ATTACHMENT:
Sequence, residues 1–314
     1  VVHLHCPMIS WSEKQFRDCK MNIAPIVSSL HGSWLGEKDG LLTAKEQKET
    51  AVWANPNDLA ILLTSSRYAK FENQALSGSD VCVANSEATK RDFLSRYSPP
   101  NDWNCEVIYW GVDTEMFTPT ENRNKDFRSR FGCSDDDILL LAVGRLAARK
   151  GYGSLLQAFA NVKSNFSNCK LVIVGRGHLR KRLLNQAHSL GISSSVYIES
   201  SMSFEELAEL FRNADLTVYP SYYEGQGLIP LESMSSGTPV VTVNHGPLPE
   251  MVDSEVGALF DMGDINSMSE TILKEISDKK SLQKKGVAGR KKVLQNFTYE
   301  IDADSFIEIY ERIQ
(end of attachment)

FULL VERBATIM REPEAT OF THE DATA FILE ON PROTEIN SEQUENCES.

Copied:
Sequence, residues 1–314
     1  VVHLHCPMIS WSEKQFRDCK MNIAPIVSSL HGSWLGEKDG LLTAKEQKET
    51  AVWANPNDLA ILLTSSRYAK FENQALSGSD VCVANSEATK RDFLSRYSPP
   101  NDWNCEVIYW GVDTEMFTPT ENRNKDFRSR FGCSDDDILL LAVGRLAARK
   151  GYGSLLQAFA NVKSNFSNCK LVIVGRGHLR KRLLNQAHSL GISSSVYIES
   201  SMSFEELAEL FRNADLTVYP SYYEGQGLIP LESMSSGTPV VTVNHGPLPE
   251  MVDSEVGALF DMGDINSMSE TILKEISDKK SLQKKGVAGR KKVLQNFTYE
   301  IDADSFIEIY ERIQ